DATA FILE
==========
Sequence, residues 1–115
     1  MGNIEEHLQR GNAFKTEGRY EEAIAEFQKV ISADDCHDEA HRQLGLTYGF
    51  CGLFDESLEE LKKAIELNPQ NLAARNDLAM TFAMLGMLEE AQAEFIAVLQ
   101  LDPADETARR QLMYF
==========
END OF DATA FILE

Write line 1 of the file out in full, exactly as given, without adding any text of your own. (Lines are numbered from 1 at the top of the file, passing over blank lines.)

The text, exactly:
Sequence, residues 1–115